In a show of force, the United States has sent the nuclear-powered USS Carl Vinson aircraft carrier group to waters off the Korean peninsula to join drills with South Korea to counter a series of threats of destruction from North Korea, formally known as the Democratic People's Republic of Korea (DPRK).
"Now that the U.S. is kicking up the overall racket for sanctions and pressure against the DPRK, pursuant to its new DPRK policy called 'maximum pressure and engagement', the DPRK will speed up at the maximum pace the measure for bolstering its nuclear deterrence," a spokesman for North Korea's foreign ministry said in a statement carried by its official KCNA news agency.
North Korea's "measures for bolstering the nuclear force to the maximum will be taken in a consecutive and successive way at any moment and any place decided by its supreme leadership," the spokesman said.
Reclusive North Korea has carried out five nuclear tests and a series of missile tests in defiance of U.N. Security Council and unilateral resolutions. It has been conducting tests at an unprecedented rate and is believed to have made progress in developing intermediate-range and submarine-launched missiles.
It test-launched a missile on Saturday which Washington and Seoul said was unsuccessful but which nevertheless drew widespread international condemnation.
SOUTH KOREAN MISSILE DEFENSE
Separately, South Korea said the United States had reaffirmed it would shoulder the cost of deploying the Terminal High Altitude Area Defense (THAAD) anti-missile system to counter the North Korean threat, days after Trump said Seoul should pay for the $1 billion battery.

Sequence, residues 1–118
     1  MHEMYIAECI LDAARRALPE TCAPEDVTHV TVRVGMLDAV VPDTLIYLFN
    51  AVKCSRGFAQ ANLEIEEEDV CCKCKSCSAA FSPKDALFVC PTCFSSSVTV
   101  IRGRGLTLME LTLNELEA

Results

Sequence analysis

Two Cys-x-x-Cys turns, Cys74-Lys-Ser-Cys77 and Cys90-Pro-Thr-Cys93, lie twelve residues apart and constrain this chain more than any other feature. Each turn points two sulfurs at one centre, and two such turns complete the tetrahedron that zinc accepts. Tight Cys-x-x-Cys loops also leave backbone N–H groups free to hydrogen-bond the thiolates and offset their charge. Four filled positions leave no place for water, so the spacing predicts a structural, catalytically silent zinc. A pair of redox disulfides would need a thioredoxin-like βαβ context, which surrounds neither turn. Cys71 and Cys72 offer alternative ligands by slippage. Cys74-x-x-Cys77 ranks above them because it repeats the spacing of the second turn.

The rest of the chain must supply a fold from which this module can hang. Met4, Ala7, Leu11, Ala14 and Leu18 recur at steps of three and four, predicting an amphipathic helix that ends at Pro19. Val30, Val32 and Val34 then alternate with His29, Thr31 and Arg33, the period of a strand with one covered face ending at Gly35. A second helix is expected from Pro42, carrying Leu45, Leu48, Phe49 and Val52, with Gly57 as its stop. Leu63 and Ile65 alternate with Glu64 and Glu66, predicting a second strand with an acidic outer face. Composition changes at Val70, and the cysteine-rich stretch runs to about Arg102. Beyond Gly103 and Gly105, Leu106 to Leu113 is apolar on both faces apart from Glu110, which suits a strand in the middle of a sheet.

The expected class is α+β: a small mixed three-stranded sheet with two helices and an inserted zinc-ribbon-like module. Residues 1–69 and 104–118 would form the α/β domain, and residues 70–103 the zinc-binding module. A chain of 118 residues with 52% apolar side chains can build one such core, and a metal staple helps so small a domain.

In a telephone call on Sunday, Trump's national security adviser, H.R. McMaster, reassured his South Korean counterpart, Kim Kwan-jin, that the U.S. alliance with South Korea was its top priority in the Asia-Pacific region, the South's presidential office said.
The THAAD system in South Korea has reached an initial operating capability to defend against North Korean missiles, U.S. officials said on Monday. It would not be fully operational for some months, however, one of them cautioned.
The THAAD deployment has drawn protests from China, which says the powerful radar that can penetrate its territory will undermine regional security, and from residents of the area in which it is being deployed, worried they will be a target for North Korean missiles.
Over the weekend, Trump stepped up his outreach to allies in Asia to discuss the North Korean threat.
As part of that effort, he invited Philippines President Rodrigo Duterte to meet in Washington, a move human rights organizations condemned but which the White House defended as necessary for countering North Korea.
Washington is also seeking more help from China, the North's only major ally, to rein in Pyongyang's nuclear and missile development. Unlike the United States, Beijing has pushed for talks first and action later on North Korea.
"The United States has ... negotiated, had talks, waited patiently. All the while we've seen the regime in North Korea continue its headlong pursuit of nuclear weapons, and a ballistic missile program. And the president said that's over," Pence told CBS News in an interview.
(Additional reporting by Matt Spetalnick, David Brunnstrom, Phil Stewart and Idrees Ali in Washington; Writing by Nick Macfie, Soyoung Kim and Susan Heavey; Editing by Robert Birsel, James Dalgleish and Jonathan Oatis)